• It is necessary to warn the accused before making any confession. As per Section 29 of the Evidence Act, a confession that is pertinent does not become irrelevant purely because the person was not warned that he was not bound to make a confession.
  • Recording of confession is a “proceeding” within the meaning of Section 303 Cr.P.C. and hence the accused has a right to consult a lawyer of his choice. Before recording the confession, the Magistrate should, therefore, explain this to the accused. If the accused is poor or belongs to an economically or socially backward class, the Magistrate should inform the accused about his right to free legal aid under Section 304 Cr.P.C. (Nandini Satpathy v. P.L. Dani), ( Kuthu Goala v. State of Assam)
  • At least 24 hours’ time should be given to the accused person to consider whether he should make a confession, Enquiry under Section 164(2) Cr.P.C. should not be conducted in a casual manner ( Ayyub v. State of U.P.)    
  • Certifying by the magistrate that he “hoped”  not that he “believed” , the confession made by the accused person voluntary, would suggest a remaining doubt and hence not accepted.  Chandran v. State of T.N.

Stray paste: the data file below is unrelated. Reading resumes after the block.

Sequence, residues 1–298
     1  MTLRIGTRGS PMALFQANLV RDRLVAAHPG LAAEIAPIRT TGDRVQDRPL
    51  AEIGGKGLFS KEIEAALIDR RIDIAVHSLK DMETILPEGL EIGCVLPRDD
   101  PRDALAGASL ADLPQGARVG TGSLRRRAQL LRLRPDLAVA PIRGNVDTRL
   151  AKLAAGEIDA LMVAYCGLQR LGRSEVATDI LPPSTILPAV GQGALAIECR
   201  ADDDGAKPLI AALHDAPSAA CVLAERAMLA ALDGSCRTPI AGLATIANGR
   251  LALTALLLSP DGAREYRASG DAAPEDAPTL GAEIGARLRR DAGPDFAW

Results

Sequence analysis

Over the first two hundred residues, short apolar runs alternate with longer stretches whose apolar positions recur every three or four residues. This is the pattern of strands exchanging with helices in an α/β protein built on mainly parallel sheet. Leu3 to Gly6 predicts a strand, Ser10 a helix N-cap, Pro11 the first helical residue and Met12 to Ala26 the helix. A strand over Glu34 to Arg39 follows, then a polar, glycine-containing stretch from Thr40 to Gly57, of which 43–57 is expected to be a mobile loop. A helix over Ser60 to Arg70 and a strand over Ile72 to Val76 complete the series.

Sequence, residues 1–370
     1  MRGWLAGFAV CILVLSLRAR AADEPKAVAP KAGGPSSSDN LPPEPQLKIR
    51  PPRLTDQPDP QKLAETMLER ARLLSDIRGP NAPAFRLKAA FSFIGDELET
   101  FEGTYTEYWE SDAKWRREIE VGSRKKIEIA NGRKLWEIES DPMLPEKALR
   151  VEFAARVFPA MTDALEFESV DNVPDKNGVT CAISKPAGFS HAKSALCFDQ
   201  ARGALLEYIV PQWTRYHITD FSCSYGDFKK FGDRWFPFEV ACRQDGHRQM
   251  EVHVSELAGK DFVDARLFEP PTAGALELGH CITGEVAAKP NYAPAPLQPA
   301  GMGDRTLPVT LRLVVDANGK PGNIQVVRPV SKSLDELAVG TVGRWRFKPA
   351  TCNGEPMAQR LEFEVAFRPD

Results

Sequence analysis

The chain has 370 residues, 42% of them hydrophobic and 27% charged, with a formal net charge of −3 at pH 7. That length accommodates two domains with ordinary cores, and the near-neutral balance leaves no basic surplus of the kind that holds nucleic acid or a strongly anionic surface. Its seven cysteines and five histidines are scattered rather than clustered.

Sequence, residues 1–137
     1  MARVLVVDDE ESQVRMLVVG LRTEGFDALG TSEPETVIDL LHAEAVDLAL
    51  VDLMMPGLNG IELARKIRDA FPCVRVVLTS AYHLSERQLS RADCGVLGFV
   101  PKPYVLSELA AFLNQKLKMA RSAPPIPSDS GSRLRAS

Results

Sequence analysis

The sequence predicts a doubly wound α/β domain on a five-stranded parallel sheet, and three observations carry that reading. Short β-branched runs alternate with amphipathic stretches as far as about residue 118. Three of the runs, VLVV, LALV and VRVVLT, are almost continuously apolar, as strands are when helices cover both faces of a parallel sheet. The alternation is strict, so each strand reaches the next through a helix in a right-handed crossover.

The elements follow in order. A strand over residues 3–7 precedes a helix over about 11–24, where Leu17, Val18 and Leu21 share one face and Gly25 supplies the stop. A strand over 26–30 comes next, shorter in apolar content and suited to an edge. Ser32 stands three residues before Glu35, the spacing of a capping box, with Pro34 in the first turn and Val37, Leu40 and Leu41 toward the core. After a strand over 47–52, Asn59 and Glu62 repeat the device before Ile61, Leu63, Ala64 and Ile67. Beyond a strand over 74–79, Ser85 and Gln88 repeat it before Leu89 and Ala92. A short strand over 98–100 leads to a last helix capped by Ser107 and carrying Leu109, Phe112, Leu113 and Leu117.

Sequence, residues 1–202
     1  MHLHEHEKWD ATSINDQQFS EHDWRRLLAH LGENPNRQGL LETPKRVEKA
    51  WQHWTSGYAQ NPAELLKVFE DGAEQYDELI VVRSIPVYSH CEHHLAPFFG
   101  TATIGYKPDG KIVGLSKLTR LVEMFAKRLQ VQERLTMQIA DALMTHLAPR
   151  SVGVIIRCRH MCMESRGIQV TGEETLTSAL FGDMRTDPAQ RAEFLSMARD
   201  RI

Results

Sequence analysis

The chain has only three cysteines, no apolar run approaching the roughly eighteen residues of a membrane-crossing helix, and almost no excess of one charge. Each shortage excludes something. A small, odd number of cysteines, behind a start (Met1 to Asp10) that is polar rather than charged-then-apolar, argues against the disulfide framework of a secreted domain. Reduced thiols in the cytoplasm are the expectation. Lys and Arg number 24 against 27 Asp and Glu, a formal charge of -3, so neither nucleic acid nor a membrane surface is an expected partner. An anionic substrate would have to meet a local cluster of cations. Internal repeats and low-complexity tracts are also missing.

• As per section 164(3) If before recording the confession an accused person appearing before the Magistrate shows his will that he is not willing to make any confession, then the Magistrate shall not authorize the detention of that accused person in police custody. 
  •  Confession should record by the magistrate only in open Court and during Court hours U.P. Ram Chandra v. State U.P  and confession should be signed by the accused and magistrate as per section 281(5) Cr.P.C.The confession shall be recorded in the language in which the accused is questioned or if that is not practicable, in the language of the Court as per Section 281(3) Cr.P.C.)